Hong Kong-based architect William Lim compares collecting art to writing a novel with a gripping storyline. “It’s really a process. You can always work on the theme and build it up”
Maybe it’s just because we’re writers, but we love this analogy. A collection is not just a grouping of multiple inanimate objects, whatever they may be, but a collection functions as an organic being that grows and changes with you as you go through life. Every collection is made up of all the experiences you’ve had, the people you’ve known, the places you’ve traveled. That’s why people love collections: it’s a story, a memory.
Art collector William Lin is telling the story of Hong Kong through his collection. As an architect and artist himself, he’s grown an immense collection in his 5,300 square-foot warehouse studio. After traveling to the United States for college, he returned back home to Hong Kong and noticed that Chinese artists were quickly gaining in popularity – but artists from his native Hong Kong remained hidden by obscurity. Lin’s solution? Quietly supporting local artists and purchasing the best pieces from all over Hong Kong. He now has over 200 works by Hong Kong artists in his personal collection in his home.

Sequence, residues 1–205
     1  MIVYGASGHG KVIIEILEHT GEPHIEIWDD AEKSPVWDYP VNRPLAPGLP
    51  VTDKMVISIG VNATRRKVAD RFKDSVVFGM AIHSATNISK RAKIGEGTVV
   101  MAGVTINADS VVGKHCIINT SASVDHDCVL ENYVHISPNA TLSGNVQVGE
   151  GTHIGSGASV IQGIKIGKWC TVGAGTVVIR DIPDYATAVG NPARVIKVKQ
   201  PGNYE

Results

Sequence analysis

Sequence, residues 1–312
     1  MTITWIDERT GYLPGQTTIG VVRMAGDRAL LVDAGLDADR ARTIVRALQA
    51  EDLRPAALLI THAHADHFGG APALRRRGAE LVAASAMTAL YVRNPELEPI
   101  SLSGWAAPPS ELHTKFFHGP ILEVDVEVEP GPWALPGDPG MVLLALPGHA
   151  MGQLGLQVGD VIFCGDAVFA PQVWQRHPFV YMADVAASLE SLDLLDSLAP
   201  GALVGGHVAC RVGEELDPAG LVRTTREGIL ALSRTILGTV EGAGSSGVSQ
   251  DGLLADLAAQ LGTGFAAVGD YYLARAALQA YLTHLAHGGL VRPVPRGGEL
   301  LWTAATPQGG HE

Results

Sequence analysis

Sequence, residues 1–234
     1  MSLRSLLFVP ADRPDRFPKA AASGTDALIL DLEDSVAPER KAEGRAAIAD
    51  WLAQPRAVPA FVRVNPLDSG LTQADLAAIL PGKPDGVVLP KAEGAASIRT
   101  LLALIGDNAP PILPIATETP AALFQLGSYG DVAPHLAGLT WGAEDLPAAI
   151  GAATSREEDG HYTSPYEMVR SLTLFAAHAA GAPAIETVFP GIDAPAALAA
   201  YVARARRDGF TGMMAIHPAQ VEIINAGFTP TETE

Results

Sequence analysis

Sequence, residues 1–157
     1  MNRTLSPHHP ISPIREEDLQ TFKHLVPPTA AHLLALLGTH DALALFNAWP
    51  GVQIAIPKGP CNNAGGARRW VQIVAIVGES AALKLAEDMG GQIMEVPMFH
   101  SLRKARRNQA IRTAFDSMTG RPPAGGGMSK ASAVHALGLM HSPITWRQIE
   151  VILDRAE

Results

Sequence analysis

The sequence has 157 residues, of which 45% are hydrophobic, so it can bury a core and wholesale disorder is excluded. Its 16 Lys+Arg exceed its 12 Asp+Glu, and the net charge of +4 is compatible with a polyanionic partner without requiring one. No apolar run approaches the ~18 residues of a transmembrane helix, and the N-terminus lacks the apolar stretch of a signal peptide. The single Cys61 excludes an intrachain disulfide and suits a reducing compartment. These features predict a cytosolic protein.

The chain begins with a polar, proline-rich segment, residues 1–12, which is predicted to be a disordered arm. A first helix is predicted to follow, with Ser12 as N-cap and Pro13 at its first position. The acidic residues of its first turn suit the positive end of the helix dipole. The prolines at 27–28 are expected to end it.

This year he wrote a book on his collection to document “the rise of contemporary art in Hong Kong”, which is largely due to his support. Since the contemporary art scene in Hong Kong is still growing, Lim’s personal collection has “become a magnet for visiting curators, collectors, and museums groups”.
We have a feeling the novel of his collection is nowhere near complete.